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Slick, high-end izakaya with loads of noise behind it but not enough substance inside
There was nothing quiet about the opening of Silencio. One of the city’s most talked about new tables generated tons of hype this spring. Perhaps with good reason. The restaurant, billed as a sort of contemporary izakaya and jazz bar rolled into one, is part of the Le Comptoir group. And that group recently got the city’s ears perked up when one of its projects, Ecriture, earned two Michelin stars in an unusually short amount of time. As in, less than a year after opening.
But one restaurant can only ride the coattails of another so far. Though backed by a red-hot restaurant group, Silencio too often falls flat when it has to speak for itself.
Silencio occupies what used to be the second floor of Lily & Bloom in LKF Tower. Oddball artwork by Japanese artist Tomoo Gokita decorates the walls, including a provocative portrait of two topless gaijin in the entryway. Gokita’s greyscale aesthetic works like a foil to the restaurant’s gold accents — gold fabrics, gold chopsticks, black paint oozing down gold walls, all of which work together to set a swank tone. In the back of the dining space stands a band that belts out smooth jazz. If you’re into the music, get a seat at the bar, where you can watch the band without having to crane your neck or lean your body across the table.
While it's certainly chic, the setting might be a bit too polished for its own good, the very idea of an izakaya spit-shined to a treacly sheen. But the design isn’t what you’re after anyway. You're here for what’s cooking in the kitchen behind the bar. And from the moment you’re seated, the wait staff is quick to remind you that the head chef previously helmed another kitchen, the one at Nobu. It’s a bit like boarding a plane and having the flight crew inform you that your pilot used to fly the Concorde — interesting, sure, but not exactly relevant to your present circumstances.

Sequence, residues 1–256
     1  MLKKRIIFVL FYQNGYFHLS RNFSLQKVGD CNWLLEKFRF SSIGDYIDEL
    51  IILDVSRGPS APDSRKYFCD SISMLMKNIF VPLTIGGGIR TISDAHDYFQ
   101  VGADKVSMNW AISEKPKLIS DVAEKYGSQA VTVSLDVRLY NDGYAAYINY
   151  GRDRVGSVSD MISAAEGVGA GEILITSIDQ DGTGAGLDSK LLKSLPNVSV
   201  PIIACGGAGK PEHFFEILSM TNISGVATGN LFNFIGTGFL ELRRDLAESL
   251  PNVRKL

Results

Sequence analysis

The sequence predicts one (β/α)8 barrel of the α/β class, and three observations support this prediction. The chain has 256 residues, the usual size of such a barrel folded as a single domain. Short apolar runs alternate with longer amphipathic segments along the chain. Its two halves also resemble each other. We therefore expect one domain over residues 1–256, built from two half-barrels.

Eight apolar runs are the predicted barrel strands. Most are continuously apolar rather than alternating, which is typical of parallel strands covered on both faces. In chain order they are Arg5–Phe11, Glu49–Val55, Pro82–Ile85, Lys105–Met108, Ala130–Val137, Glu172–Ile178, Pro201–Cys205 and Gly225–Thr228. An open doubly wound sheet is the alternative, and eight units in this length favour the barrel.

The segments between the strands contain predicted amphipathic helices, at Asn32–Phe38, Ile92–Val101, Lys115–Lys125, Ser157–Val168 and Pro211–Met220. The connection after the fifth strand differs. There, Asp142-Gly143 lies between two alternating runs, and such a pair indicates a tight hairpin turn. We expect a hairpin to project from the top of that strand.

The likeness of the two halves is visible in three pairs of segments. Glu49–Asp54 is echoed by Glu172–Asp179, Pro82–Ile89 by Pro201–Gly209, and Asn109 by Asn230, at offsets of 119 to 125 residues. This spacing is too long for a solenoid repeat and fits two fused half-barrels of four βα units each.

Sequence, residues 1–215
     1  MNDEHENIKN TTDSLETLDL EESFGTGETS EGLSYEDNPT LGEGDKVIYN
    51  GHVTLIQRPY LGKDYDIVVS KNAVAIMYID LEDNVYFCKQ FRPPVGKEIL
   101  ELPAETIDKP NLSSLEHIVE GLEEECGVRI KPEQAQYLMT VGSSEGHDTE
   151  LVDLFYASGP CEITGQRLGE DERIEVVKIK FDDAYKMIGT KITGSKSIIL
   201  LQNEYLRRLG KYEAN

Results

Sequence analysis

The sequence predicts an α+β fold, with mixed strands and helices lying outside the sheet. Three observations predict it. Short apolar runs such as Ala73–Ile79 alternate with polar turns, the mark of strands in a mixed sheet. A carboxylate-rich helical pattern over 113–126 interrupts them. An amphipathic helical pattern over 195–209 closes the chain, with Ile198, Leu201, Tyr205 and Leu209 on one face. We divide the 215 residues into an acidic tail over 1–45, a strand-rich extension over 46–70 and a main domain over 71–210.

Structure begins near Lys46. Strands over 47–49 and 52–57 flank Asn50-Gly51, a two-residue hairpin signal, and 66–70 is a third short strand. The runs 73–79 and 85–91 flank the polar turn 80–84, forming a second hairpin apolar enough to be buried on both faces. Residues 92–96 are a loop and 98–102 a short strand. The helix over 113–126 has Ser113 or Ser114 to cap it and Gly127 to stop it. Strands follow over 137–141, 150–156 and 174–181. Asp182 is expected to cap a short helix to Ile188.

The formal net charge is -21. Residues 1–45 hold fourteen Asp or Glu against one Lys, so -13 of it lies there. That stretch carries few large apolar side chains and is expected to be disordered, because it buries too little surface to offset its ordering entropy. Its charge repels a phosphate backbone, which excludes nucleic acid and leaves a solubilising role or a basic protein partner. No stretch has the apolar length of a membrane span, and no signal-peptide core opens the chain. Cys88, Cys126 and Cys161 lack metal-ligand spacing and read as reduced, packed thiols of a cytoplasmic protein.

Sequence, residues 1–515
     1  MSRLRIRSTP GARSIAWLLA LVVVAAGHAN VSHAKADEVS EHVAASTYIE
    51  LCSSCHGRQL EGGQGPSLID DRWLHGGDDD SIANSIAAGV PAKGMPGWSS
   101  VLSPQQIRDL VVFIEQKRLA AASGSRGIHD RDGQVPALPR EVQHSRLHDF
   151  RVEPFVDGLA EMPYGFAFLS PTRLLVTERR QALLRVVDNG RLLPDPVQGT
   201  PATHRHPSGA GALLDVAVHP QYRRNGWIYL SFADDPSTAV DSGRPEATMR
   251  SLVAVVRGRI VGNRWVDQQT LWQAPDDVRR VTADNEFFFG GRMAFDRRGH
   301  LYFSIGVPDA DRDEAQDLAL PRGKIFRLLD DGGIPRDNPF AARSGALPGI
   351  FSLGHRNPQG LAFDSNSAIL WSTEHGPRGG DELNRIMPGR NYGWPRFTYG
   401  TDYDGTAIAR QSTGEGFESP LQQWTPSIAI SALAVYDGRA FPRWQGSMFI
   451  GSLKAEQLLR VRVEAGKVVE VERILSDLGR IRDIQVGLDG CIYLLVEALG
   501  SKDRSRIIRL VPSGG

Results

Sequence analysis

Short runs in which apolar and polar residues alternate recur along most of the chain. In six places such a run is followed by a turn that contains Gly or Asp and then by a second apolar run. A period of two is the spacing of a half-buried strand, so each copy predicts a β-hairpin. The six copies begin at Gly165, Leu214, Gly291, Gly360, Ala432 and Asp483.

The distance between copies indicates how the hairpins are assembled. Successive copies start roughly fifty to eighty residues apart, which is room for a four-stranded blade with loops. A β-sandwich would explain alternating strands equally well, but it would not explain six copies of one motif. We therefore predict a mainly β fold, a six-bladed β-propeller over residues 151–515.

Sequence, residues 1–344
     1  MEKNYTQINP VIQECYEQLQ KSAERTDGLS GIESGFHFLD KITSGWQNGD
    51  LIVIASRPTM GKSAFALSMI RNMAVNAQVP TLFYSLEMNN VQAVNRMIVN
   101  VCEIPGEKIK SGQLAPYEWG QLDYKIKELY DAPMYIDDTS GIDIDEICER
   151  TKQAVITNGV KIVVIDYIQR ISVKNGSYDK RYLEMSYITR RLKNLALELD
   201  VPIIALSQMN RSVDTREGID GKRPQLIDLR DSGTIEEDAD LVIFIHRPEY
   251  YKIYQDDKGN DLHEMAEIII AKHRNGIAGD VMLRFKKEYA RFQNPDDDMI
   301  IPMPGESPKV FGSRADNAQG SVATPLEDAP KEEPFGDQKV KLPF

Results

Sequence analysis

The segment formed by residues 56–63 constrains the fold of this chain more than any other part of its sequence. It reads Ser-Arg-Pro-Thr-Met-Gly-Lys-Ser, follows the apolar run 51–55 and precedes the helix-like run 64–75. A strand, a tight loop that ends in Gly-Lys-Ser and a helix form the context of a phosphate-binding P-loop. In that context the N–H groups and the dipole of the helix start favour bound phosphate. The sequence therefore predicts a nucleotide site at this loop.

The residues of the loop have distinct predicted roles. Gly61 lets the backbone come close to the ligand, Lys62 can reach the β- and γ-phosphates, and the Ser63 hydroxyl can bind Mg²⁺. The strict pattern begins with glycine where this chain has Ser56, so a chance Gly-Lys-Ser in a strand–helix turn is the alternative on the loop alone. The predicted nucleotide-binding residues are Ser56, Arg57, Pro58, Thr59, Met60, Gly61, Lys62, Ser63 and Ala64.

When it comes time to decide what to eat, you can either select from the a la carte menu — which is split up into nine sections, including nigiri, sashimi and mains to share — or go for omakase. The latter is an eight-course selection of nigiri or sashimi priced at $1,200.
We opt for the DIY route and start with ‘Kusama’ ($120), a small dish of botan ebi (an orange-red prawn that’s in season during spring) with strawberry gazpacho and avocado oil. Sadly, it’s one of the most unpleasant combinations of flavours and textures we’ve experienced in some time. The strawberry just doesn’t belong. It gives the dish an almost rancid taste, and the viscous puree is so similar to the prawn in texture that it all comes together in one regrettably slimy bite.
But the dinner does a 180 when two charcoal-grilled Hokkaido scallops, served in the half shell, arrive at the table ($190). The scallops are perfectly cooked, with a slight char that yields to a silky interior, and the butter-yuzu sauce they’re swimming in is so good you could put it on your breakfast cereal without any shame. Seriously. The quality dips a bit with the next dish, a six-piece specialty roll called ‘Tay Tay’ ($190). It’s essentially Singapore chilli crab in sushi roll form. The sauce it’s slathered in, however, resembles hoisin rather than sweet-and-spicy chilli sauce, and that more or less mutes the flavour of the crab. Other rolls, like the ‘Cheeseburger’ ($200) — three wagyu croquettes served on a bed of shredded lettuce — are more successful. But, at this point, you might wonder why you’re paying 200 bucks for deep-fried burger bites, no matter how tasty they may be.
The most substantial dish we try is the carbonara udon ($190), which features wagyu ham, egg yolk, parmesan cheese and heaps of bonito flakes. Japanese udon meets Italian pasta in all the right ways: it’s creamy and decadent, teeming with that hard to define umami flavour. It’s no wonder the wait staff and floor manager all say that it’s their favourite dish. Pair it with one of the many sakes on the menu, like the fruity Senkin ‘Modern’ Junmai Ginjo ($130), and you’ve got yourself a pleasant light meal. But you’re going to need a lot more than one small plate stuffed with upmarket ingredients to satisfy two appetites.
That’s part of the problem. Is the food good? Sure. The best dishes are pretty damn tasty. But it’s hit-and-miss, and the experience is ultimately uneven and muddled. When you’re talking about spending $1,000 per head, or $1,600 for omakase when you factor in drinks, you should expect better than good. Silencio may have a beautiful veneer and great energy behind it, but that only masks the fact that the restaurant currently lacks authenticity.